Charity and Development Appeal supports the New Evangelization

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Joe Reynolds, owner of Skyline Productions, which produces the weekly televised Mass, speaks Jan. 16 at the Diocesan Pastoral Center. (J.D. Long-García/CATHOLIC SUN)
Joe Reynolds, owner of Skyline Productions, which produces the weekly televised Mass, speaks Jan. 16 at the Diocesan Pastoral Center. (J.D. Long-García/CATHOLIC SUN)

The 9 a.m. Mass at Ss. Simon and Jude Cathedral is one of eight Sunday liturgies celebrated at the mother church of the Diocese of Phoenix. But it has, by far, the largest number of participants.

Thanks to the Charity and Development Appeal, the Sunday morning Mass is broadcast simultaneously on the television, radio and the web. More than 65,000 Arizona viewers tune in each week, according to Joe Reynolds, producer of the TV Mass.

“The Mass has a global impact,” he said, recounting how — through the web, the TV Mass audience includes viewers from across the nation and throughout the world.

One participant wrote that he watches from Indiana and prefers the cathedral Mass to his local televised Mass. A homebound grandmother wrote to say the TV Mass allows her to sit and explain the Mass to her 14-year-old grandson.

“Thanks to the CDA, we are able to share Christ’s message to people we couldn’t even imagine,” said Reynolds, who calls God his “executive producer” and insists he’s only “along for the ride.” Skyline Productions, Reynolds’ company, has won multiple awards. More than 40,000 tuned in for the televised midnight Christmas Mass.

Reynolds spoke Jan. 16 at the Diocesan Pastoral Center during an information meeting about the 2013 Charity and Development Appeal. Through the CDA, Catholics support more than 70 spiritual, charitable and educational organizations in the Diocese of Phoenix.

The Charity and Development Appeal supports more than 70 educational, charitable and spiritual organizations which counsel, feed clothe, house, educate and comfort those in need throughout the four counties in the Diocese of Phoenix.
The Charity and Development Appeal supports more than 70 educational, charitable and spiritual organizations which counsel, feed clothe, house, educate and comfort those in need throughout the four counties in the Diocese of Phoenix.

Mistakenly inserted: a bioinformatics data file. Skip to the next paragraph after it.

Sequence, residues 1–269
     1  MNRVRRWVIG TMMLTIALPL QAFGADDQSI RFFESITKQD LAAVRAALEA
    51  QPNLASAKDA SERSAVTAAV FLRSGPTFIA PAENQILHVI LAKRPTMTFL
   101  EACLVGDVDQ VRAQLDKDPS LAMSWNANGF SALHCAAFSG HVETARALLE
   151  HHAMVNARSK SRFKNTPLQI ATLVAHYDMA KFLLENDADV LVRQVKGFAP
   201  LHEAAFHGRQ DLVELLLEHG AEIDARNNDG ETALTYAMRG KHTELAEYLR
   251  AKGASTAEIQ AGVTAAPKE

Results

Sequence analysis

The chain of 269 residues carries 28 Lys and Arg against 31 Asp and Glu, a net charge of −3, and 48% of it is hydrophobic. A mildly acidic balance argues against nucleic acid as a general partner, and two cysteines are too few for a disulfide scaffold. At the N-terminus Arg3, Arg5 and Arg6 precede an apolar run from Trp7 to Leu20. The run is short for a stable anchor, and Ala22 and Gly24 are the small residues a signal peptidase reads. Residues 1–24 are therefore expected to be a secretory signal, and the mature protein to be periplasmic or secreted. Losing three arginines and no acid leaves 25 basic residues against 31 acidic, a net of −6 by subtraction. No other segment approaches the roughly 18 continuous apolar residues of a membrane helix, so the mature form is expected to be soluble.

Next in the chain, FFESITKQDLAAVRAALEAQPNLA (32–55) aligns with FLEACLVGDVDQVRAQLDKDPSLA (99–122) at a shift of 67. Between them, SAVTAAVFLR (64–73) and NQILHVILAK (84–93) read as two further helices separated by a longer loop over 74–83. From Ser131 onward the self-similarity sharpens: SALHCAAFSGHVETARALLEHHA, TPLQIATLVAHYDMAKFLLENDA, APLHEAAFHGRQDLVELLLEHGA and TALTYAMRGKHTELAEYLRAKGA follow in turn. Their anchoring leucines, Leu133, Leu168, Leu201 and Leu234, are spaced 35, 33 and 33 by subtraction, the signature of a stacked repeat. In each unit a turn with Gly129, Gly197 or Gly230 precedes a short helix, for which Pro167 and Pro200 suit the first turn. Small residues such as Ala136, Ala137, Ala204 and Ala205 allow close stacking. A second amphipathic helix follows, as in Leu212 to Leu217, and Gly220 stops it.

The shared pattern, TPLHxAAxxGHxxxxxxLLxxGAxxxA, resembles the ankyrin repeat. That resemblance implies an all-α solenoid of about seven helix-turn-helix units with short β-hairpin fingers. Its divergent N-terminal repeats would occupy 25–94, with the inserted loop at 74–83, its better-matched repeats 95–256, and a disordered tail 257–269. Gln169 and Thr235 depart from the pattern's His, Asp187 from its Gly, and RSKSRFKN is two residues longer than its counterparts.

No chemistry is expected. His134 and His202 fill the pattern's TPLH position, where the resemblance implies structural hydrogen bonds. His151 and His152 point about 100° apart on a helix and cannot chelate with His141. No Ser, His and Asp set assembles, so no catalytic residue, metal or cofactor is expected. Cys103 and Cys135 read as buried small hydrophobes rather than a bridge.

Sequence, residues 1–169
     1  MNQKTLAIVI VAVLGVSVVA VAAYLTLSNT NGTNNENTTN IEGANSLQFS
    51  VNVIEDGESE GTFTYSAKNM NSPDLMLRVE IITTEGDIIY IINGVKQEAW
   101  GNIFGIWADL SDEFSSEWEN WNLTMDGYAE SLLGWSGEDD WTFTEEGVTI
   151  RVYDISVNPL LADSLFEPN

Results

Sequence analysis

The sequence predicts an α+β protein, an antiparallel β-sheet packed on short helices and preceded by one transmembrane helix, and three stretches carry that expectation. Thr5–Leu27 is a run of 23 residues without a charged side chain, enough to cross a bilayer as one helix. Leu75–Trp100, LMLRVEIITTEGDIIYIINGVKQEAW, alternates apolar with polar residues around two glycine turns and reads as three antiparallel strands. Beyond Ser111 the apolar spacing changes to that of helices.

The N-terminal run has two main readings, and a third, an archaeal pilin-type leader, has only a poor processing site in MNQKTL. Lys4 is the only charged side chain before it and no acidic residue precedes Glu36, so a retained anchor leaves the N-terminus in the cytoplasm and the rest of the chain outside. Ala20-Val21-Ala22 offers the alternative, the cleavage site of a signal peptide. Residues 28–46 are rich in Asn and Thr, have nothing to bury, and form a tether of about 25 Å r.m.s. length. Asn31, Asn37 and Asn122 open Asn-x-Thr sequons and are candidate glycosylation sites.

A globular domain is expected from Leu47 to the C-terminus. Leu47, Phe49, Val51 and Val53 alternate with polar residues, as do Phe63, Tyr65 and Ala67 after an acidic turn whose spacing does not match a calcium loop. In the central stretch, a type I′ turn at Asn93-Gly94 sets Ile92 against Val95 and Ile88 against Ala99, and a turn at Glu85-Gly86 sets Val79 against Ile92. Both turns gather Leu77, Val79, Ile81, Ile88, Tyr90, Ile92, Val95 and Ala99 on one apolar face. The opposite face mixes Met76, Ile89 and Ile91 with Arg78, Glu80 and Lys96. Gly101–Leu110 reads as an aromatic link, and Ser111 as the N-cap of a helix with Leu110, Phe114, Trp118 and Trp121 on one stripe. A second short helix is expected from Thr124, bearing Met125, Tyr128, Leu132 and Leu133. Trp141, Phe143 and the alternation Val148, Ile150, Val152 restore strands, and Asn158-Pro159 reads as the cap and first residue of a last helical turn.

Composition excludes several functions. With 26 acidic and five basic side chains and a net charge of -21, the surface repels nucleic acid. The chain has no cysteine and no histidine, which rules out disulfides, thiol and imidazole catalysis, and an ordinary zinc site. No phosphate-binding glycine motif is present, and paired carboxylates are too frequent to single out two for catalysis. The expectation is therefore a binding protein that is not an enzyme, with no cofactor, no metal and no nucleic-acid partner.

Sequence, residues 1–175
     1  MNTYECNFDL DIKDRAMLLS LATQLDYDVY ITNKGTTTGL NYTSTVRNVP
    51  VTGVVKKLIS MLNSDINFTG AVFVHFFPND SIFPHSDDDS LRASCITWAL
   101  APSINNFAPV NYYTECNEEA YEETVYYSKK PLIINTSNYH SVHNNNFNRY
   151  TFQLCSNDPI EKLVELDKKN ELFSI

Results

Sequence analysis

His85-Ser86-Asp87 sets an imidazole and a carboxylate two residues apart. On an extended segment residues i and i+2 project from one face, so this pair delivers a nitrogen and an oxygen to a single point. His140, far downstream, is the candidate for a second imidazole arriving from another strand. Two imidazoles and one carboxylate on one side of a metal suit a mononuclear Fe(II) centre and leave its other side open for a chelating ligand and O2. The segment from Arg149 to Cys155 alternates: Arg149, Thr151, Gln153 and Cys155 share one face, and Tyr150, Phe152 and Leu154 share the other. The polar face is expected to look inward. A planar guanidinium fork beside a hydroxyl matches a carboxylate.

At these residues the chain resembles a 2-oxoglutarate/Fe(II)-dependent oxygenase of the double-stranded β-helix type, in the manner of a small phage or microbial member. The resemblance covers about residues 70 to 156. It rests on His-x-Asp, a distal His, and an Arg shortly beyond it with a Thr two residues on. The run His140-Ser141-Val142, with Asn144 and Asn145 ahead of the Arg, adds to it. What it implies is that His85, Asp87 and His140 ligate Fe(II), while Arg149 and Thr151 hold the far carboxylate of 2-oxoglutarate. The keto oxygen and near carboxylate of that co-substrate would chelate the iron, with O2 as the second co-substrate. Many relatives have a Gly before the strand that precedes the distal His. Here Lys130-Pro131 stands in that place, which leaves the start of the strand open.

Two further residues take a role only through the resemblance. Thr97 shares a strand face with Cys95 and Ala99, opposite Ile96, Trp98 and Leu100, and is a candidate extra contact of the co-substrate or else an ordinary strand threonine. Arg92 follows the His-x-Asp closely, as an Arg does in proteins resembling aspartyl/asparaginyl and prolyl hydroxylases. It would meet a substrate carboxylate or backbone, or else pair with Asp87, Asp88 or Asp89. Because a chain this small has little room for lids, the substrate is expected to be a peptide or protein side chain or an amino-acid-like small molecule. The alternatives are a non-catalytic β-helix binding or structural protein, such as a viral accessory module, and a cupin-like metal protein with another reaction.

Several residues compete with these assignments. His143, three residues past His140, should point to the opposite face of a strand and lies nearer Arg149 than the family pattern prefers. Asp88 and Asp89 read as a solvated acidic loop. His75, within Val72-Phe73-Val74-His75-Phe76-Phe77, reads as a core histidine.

Cynthia and Matthew Scheller, who served as the 2012 CDA co-chairs, are returning to serve in the same capacity in 2013. They will also mentor the future 2014 chair couple, said Fr. Greg Schlarb, vicar of stewardship.

“It’s about serving and about saying ‘yes,’” Cynthia said, adding that her family doesn’t see serving the CDA as a task, but as a blessing. Her four children also shared what they enjoyed about their involvement last year.

Sara, the eldest, was moved when serving at Maggie’s Place; Matthew noted the time at Paz de Cristo; John said he was moved by how $27 a month could help a person get to work through a bus ticket; and Megan, the youngest, said she liked the CDA video.

“I hope they continue to make good ones,” she said, “because I still have a lot of videos to see.”

This year’s goal is $8.1 million, which Fr. Schlarb explained is the tally of what parishes and missions expect to raise.

“It’s expressed in dollars, but it’s better expressed in the way we show our love for God and for our family,” he said, noting that, “We are one family in Christ.”

Bishop Thomas J. Olmsted said stewardship is best understood as the way we “express our love for Jesus in our time, talent and treasure.”

Time is precious, and we don’t know how much of it we have left, he said. And sharing talents is also a matter of recognizing talents in others.

“Our Lord Jesus is the treasure of our life,” the bishop said. “If we know He is our treasure, we know how to use our other treasures right.”

About the CDA

The Charity and Development Appeal supports more than 70 educational, charitable and spiritual organizations which counsel, feed clothe, house, educate and comfort those in need throughout the four counties in the Diocese of Phoenix.

The CDA raised more than $8.1 million last year to support organizations like the Foundation for Senior Living.

J.D. Long-Garcia is the former editor of The Catholic Sun. He joined the staff in 2004. J.D., a lay Dominican, studied journalism and psychology at Arizona State University, philosophy at the Dominican School of Philosophy and Theology, and theology at the Graduate Theological Union. He's taught classes at the Kino Institute, worked as an outreach intern at All Saints Catholic Newman Center, led a deanery confirmation program in Berkeley, Calif., and served as a catechist for children of various ages. He was born in Santo Domingo, Dominican Republic.

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